What to Look For When Hunting VINTAGE Cast Iron Cookware
Last week I talked about why you want to cook with cast iron cookware. I’ve since heard from some of you saying that you appreciated the information and are really interested in knowing more about this wonderful cookware.
This made my day. Since my enthusiasm for this stuff just doesn’t quit, I thought I’d follow up with some facts on what to look for when buying cast iron. I’m speaking of the old, vintage cast iron, though.
I have loved my newly made cast iron pan; it has served me well for many years. But now that I have immersed myself in the world of vintage cast iron, I am sold — hook, line, and sinker. The good news is that you don't need to fork over a monthly paycheck to experience the joys of cooking on an heirloom piece.
Here's our guide to buying vintage cast iron that I found on a favorite site, Kitchn (www.thekitchn.com):
First, the definition of VINTAGE. Any pan made before 1957 is considered vintage. There were several major manufactures of cast iron cookware from the 1800s to the early 1900s. These include Wagner, Griswold, Birmingham Stove & Range, and Lodge.
Many foundries produced pans to be sold under other company names such as Sears and Montgomery Ward or unmarked versions for hardware, department, and building supply stores. These pans were similar if not equal in quality to the name brands. They are not considered collectables, but they can be purchased for a fraction of the price. (The Cast Iron Collector, www.castironcollector.com, is a great resource for learning more about vintage cast iron pans.)
Next, how to buy vintage cast iron. There are a couple different approaches to take. The easiest and most reliable way is to skip the hunt and have a dealer do the dirty work for you. You'll know exactly what you're buying, will end up with a quality piece of cookware, and can start cooking in a mint vintage pan tomorrow — no stripping, cleaning, or seasoning required.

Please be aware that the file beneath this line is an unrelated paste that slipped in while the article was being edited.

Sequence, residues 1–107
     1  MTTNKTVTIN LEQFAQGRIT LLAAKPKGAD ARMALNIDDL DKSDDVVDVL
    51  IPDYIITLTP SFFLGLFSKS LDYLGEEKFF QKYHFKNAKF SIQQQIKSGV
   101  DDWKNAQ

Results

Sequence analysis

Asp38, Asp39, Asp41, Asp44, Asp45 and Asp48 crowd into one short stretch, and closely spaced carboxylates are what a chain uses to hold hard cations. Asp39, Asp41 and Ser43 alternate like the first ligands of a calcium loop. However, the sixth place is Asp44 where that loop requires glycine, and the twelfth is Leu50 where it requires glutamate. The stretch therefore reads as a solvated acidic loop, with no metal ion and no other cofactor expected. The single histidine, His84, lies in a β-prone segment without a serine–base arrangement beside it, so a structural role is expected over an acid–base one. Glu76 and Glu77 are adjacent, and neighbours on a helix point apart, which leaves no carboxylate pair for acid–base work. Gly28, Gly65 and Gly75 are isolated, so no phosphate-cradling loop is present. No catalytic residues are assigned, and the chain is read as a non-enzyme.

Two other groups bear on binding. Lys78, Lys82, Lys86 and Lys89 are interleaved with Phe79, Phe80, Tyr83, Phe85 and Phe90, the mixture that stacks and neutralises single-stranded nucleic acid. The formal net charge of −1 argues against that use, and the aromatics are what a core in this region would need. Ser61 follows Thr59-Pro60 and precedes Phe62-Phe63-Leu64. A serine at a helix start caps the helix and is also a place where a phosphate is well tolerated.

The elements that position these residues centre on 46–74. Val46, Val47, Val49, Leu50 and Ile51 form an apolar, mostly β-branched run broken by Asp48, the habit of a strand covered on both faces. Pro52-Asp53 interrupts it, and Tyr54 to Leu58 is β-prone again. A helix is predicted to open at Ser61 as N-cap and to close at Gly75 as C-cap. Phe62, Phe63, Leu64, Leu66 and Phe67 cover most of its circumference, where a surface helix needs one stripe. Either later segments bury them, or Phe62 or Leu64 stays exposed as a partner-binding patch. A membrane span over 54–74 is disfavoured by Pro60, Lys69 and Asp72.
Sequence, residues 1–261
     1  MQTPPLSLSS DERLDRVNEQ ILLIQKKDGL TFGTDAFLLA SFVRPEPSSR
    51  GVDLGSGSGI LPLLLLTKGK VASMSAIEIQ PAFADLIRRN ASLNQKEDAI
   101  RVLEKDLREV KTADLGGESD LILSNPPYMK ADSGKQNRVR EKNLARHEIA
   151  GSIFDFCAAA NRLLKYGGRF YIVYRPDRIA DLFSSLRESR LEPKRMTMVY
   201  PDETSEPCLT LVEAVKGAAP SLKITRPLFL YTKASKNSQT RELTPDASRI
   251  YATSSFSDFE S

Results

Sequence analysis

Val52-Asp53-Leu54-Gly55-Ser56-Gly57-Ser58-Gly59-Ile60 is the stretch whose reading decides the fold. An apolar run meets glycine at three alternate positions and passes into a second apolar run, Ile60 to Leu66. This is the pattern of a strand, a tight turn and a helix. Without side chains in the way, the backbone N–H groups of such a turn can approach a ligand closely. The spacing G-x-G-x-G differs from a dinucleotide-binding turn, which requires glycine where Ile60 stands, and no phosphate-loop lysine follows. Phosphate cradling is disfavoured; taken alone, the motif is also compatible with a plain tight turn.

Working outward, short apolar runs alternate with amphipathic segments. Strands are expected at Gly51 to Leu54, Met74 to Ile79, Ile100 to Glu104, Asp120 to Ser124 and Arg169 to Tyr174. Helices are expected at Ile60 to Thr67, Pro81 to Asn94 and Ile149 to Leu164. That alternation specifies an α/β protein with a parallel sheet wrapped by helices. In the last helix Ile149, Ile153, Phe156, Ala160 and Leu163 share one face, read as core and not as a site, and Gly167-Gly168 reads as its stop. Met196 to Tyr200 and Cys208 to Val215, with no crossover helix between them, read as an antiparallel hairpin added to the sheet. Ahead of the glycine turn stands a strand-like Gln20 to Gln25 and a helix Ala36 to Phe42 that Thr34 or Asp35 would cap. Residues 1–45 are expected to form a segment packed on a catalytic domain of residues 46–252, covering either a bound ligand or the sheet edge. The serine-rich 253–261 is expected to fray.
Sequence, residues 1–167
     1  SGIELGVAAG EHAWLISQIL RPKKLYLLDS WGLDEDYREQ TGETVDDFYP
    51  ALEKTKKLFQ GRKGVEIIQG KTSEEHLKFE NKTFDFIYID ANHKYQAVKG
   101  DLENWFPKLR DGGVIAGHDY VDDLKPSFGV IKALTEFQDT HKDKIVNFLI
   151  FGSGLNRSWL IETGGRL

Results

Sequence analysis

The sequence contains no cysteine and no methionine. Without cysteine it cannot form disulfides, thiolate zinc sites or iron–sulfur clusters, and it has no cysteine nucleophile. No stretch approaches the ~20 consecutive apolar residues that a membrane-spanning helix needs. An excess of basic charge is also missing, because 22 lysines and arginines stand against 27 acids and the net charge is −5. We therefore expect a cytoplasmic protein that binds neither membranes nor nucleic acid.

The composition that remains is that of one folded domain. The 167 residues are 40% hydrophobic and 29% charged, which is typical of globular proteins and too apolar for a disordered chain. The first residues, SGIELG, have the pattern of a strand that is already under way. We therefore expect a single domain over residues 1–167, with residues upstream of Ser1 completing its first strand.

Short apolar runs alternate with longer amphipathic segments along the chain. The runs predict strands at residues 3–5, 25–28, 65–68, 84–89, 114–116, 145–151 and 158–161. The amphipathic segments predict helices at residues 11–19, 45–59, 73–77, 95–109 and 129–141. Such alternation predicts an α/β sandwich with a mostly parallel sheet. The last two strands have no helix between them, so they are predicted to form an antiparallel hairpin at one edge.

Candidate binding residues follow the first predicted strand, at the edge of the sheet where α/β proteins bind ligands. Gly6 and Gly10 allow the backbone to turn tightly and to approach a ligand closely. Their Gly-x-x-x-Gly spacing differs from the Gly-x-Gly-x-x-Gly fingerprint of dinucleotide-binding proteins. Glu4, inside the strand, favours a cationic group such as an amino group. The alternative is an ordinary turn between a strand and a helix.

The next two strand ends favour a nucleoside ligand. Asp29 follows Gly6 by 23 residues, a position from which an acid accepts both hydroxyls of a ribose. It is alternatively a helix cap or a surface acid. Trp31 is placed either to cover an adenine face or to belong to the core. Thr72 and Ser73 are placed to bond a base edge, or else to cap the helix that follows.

You will, however, likely pay a premium for a refurbished pan from a dealer. Prices will vary depending on the style, age, and quality of the piece, with a starting point at around $75 and upwards from there. Here are some reliable, trusted cast iron dealers:
The Pan Handler (www.thepan-handler.com)
Wrinkled Willy Treasures (www.wrinkledwillytreasures.com)
Cast Iron Guys (www.castironguys.com)
Another option is eBay, which can be a good resource for restored pieces, but you have to be a bit savvy. (Pan Handler Mary Thiesen has a few words of sage advice.)
But in my opinion, the best (and most fun) way to bring vintage cast iron into your kitchen is to scour flea markets and yard sales for crusted-over old relics. If you're lucky, you may end up with a cool vintage pan for $20.
On the other hand, you could put in time and energy to strip down years of rust and grime, only to realize the pan has a crack and is unusable. But you can minimize the risk if you know the 3 things to look out for when buying vintage cast iron. I’ll close with these and wish you the best in your hunt. (Maybe we’ll run into each other along the way; let’s be sure to compare notes!) Meanwhile, here’s to successful and fun cast iron cooking!
1. WARPING. Check to see how flat the pan lies and to see if there is movement when pressing along the upper edge. A small amount of movement is pretty common, especially with larger pans, and shouldn't be a major concern. If you are using a flat cooktop, like a convection or electric, the flatter the pan, the better it will work. A pan that rocks and spins a bit is best used for a raised burner, outdoor cooking, or for baking. If there is too much warpage, you might want to pass.
2. CRACKS. Some cracks are easily visible, while others may be buried under layers of rust and seasoning. A good way to check for hidden cracks? Tap the bottom with your knuckles. A solid, crack-free cast iron pan will ring with a bell-like resonance. What you don't want is a pan that sounds dull like a cheap piece of tin.
3. PITTING. It's best to avoid cookware with any more than a tiny amount of pitting on the cooking surface since it can make it more difficult to get a good, even layer of seasoning.
Weekly Newsletter Contributor since 2006
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